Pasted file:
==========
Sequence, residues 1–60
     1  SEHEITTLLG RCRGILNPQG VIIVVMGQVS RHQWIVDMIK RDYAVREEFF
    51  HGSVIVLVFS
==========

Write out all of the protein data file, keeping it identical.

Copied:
Sequence, residues 1–60
     1  SEHEITTLLG RCRGILNPQG VIIVVMGQVS RHQWIVDMIK RDYAVREEFF
    51  HGSVIVLVFS